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J Korean Soc Ultrasound Med. 2008 Mar;27(1):19-26. Korean. Original Article.
Hahn SY , Lee JK , Baek SY .
Department of Radiology, Ewha Womans University School of Medicine, Seoul, Korea.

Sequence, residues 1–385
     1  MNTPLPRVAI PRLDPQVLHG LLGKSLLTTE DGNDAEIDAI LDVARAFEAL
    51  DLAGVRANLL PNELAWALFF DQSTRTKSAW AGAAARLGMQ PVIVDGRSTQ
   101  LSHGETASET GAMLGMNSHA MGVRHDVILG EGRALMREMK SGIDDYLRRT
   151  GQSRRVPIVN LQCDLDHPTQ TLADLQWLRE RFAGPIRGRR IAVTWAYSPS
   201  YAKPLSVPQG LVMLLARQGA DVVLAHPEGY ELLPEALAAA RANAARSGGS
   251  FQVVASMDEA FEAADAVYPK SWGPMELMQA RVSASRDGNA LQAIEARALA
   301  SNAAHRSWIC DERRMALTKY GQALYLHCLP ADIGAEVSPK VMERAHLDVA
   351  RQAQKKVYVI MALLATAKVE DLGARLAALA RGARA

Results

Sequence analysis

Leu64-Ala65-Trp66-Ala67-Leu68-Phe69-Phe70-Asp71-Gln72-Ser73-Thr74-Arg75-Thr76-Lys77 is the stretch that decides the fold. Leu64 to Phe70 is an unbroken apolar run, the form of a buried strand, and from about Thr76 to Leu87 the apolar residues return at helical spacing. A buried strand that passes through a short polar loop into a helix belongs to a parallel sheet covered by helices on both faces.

PURPOSE: The purpose of this study was to evaluate the efficacy of focused ultrasound (US) to characterize small indeterminate hepatic lesions on contrast-enhanced CT in cancer patients. MATERIALS AND METHODS: Forty-three consecutive patients with proven cancers developed 70 indeterminate hepatic lesions that were less than 1.5 cm in size, as detected on contrast-enhanced CT. Two radiologists performed ultrasound focusing on the targeted area after referencing the location of the hepatic lesions on a previous CT image. When the hepatic lesions were visualized by focused US, the lesions were characterized as cysts, hemangiomas, or solid/metastases. Verification of the hepatic lesions was assessed by a histopathological examination or by follow-up imaging. RESULTS: Focused US detected 51 (73%) of 70 indeterminate hepatic nodules on CT and all of the nodules visualized on focused US could be characterized as cysts (n = 40), hemangiomas (n = 7), or solid/metastases (n = 4). All of the cysts and six hemangiomas were verified as benign lesions. One hemangioma was subsequently identified as a metastasis. Nineteen (27%) indeterminate hepatic nodules were not visible on focused US and 18 nodules were verified as benign lesions. The sensitivity, specificity, accuracy, positive predictive value, and negative predictive value of focused US for differentiating metastases among indeterminate hepatic nodules less than 1.5 cm in size on CT were 66.7%, 100%, 97.1%, 100%, and 97%, respectively. CONCLUSION: Focused US may be the next appropriate examination to perform for cancer patients with indeterminate hepatic nodules detected on CT, Focused US may be a pivotal modality for defining prognosis and treatment.

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